Written in 1955
It’s early in the morning and my “beautiful mind” calls me to the computer to write. It’s not necessarily when I wanted to write, but the creative muse is calling and I answer the “call”. The movie “A Beautiful Mind continues to ‘work’ me a week after I’ve seen it and I wanted to highly recommend it to you.
Not one person I have spoken to has received the same message from this film. That, to me, is a great indicator of the “teaching tool” that it is. For it is when everyone receives what he or she needs that you know you have been in the presence of a true teacher.
I don’t want to give the movie away so will be brief in my sharing of it. I will say that it is the true story of John Nash, who won the Nobel Prize for his theory on Equilibrium. Equilibrium is of course a state of even balance. Nash’s theory has been used in board-rooms, corporations, countries and no doubt in your own life in mediation and bringing groups into win/win for years. What a divine paradox that a man labelled “schizophrenic” would discover or really recover the theory of balance. I find it awesome that this film has come out at this time, as there is so much need for “balance” on the planet.
One of my great mentors taught me many years ago about the high price one pays for their addiction to extremes. Extreme, according to Mr. Webster is “outermost, most remote, last, violent (e.g. pain), marked by excess, and even goes so far as to say “the end,” I think we all can agree that we are living in “extreme times”. We must all take responsibility for the creation of “extremists” (one ready to use extreme measure) on the planet as we have the extreme within each and every one of us. A friend told me recently that she had read how the Taliban had been raised, and that a lot of them were orphans and were raised by men without any women present. Many of the men raising them were orphans themselves. There was an article in one of the large newspapers in September about “what makes a terrorist” and it said, “terrorists despise the ordinary”. I found this fascinating, as “the ordinary” is what has been “learning me”, these past few months.
Ordinary, according to Mr. Webster, is what is “usual; of common rank; plain and undistinguished”. We have somehow come into a time when the ordinary and usual is not exciting enough and we crave the extraordinary and unusual. Home making has become unfashionable and kids everywhere are raising themselves, and each other, I might add. This is not to say that I am for or against working families. I am merely presenting what I see. I do see that in our addiction to the “extreme” and in wanting to “have it all” we have dismissed the ordinary as unimportant. One movie reviewer even called “A Beautiful Mind” tedious!! Asleep to the sweet, slow unfolding of a story, this poor soul missed the beautiful and ordinary message of a movie without guns (almost) and sex.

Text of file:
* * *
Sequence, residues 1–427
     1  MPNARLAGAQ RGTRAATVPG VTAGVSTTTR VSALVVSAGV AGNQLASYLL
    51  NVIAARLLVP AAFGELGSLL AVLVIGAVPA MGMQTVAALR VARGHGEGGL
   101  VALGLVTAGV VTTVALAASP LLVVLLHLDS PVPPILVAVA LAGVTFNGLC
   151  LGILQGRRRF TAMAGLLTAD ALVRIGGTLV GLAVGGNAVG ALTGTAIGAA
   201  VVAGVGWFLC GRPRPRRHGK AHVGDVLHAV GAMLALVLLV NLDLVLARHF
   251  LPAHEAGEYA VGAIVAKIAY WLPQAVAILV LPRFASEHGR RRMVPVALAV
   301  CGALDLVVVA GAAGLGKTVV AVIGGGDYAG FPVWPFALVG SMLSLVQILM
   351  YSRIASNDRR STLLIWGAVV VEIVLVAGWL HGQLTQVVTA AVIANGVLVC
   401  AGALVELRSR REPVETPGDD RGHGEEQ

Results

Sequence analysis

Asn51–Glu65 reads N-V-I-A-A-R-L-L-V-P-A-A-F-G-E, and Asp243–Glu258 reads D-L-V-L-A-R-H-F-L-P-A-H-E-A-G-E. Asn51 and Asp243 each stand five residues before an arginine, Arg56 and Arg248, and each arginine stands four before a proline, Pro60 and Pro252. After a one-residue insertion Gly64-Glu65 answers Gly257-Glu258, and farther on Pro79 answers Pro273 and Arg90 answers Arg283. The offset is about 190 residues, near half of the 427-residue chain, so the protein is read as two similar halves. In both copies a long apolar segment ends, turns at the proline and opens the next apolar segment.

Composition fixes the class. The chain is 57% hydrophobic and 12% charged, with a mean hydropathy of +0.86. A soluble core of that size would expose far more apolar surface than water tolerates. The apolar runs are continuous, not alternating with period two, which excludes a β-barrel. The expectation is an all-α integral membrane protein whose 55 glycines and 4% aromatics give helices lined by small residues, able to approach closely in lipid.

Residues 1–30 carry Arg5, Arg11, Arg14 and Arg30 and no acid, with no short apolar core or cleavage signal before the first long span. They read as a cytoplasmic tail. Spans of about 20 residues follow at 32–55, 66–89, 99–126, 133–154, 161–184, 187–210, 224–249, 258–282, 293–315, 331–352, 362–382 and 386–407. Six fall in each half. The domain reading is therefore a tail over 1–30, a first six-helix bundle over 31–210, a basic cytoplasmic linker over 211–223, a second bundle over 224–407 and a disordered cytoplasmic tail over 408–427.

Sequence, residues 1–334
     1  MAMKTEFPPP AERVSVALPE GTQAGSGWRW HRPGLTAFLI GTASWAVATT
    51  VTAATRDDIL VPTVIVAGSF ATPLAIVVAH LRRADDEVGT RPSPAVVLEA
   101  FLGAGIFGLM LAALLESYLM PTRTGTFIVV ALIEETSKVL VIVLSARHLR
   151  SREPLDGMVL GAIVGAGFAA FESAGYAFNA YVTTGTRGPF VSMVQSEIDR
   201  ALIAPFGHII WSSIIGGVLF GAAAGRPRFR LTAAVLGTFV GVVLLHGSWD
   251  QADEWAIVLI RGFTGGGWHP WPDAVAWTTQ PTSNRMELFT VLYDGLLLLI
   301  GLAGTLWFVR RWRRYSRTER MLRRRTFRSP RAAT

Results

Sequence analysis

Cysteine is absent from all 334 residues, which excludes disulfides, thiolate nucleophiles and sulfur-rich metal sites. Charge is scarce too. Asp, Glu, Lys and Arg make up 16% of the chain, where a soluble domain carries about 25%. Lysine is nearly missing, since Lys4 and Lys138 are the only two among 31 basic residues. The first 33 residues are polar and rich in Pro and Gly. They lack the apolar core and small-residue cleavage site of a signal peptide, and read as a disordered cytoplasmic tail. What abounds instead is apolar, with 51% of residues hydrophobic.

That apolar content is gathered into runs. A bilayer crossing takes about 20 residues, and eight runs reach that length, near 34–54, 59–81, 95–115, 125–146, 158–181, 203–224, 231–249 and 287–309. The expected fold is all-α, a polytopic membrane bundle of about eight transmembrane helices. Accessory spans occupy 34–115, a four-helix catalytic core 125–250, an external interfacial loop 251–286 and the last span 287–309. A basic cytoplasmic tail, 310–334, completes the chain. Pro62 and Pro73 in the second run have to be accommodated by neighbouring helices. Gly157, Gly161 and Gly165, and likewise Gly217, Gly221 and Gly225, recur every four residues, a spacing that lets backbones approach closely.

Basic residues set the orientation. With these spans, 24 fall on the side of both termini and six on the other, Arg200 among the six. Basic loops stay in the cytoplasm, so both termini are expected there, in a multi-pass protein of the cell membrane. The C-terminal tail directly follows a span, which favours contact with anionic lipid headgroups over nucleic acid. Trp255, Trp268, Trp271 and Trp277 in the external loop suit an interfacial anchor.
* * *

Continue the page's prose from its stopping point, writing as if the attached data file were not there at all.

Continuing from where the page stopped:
I too was addicted to the extraordinary, and into being and proving my uniqueness and attempting to “make my mark in the world”. Anorexia is going to the extreme for sure and in reflecting on my journey through it I see the many choices I made along the way which lead to my ultimate extreme and near “end”. Now, in looking back I see the gradual unfolding of my addiction. There is a divine paradox to everything and with anorexia the “authorities” will tell you that one of its reasons for manifesting is that the person does not wish to be seen. I will tell you that the “extreme” opposite is at work here and the person has a high longing to see and be seen.
To “see” according to Mr. Webster is “to perceive with understanding”. And of course “understanding” means “to know thoroughly” and I might add “without judgement..” Michele Cassou, author of Life, Paint and Passion says “we must look on each painting with eyes of the Mystery, rather than eyes of judgement”. I say let’s substitute the word “everyone” for the word “painting” and by God I think we’re on to something!!! Could “balance” be seeing everyone and everything with eyes of the Mystery??? If our curiosity and perception were opened to the ordinary, in the same way that we pay attention and stay awake for the so-called extraordinary, would a healthy balance spread over the planet?? In taking time to “know thyself” we come to “know” others. Labels are thrown out and we come to SEE the uniqueness of each and every being on the planet. As I have come to rest in the still quiet and ordinary moments I have come to see my own unique gifts and talents, and that has awakened my passion to assist others to SEE (and act) on theirs too.
Serendipity’s Backyard is the “ordinary place” I came to find my extraordinary self. When I quit climbing the “corporate ladder” and sat on what felt like the bottom rung for several years, (losing money, walking to work at an ordinary bookstore in a sleepy ordinary town,) I came to see how extraordinary it really is to slow down. I also came to appreciate living in such a beautiful, unique and extraordinary village. I am forever grateful to this town, its people, its nature, its four-legged, finned and winged ones. May we preserve and protect its simplicity and ordinariness as we move forward in the spirit of “progress”.
Blessings and may your beautiful mind call you to see the beauty in all things as the magical time of spring unfolds.